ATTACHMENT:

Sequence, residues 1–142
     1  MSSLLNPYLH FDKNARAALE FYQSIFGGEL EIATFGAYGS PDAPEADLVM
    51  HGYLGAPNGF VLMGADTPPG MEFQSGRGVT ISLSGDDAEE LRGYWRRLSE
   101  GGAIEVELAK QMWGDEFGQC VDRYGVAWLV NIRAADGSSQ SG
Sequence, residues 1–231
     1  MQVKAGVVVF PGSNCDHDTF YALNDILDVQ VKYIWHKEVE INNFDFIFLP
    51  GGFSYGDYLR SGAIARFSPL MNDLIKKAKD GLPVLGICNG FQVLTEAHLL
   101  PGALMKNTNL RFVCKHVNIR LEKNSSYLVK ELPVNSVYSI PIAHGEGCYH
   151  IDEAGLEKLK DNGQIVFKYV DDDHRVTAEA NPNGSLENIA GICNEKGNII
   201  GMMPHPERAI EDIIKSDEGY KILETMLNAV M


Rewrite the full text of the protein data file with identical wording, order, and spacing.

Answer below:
Sequence, residues 1–142
     1  MSSLLNPYLH FDKNARAALE FYQSIFGGEL EIATFGAYGS PDAPEADLVM
    51  HGYLGAPNGF VLMGADTPPG MEFQSGRGVT ISLSGDDAEE LRGYWRRLSE
   101  GGAIEVELAK QMWGDEFGQC VDRYGVAWLV NIRAADGSSQ SG
Sequence, residues 1–231
     1  MQVKAGVVVF PGSNCDHDTF YALNDILDVQ VKYIWHKEVE INNFDFIFLP
    51  GGFSYGDYLR SGAIARFSPL MNDLIKKAKD GLPVLGICNG FQVLTEAHLL
   101  PGALMKNTNL RFVCKHVNIR LEKNSSYLVK ELPVNSVYSI PIAHGEGCYH
   151  IDEAGLEKLK DNGQIVFKYV DDDHRVTAEA NPNGSLENIA GICNEKGNII
   201  GMMPHPERAI EDIIKSDEGY KILETMLNAV M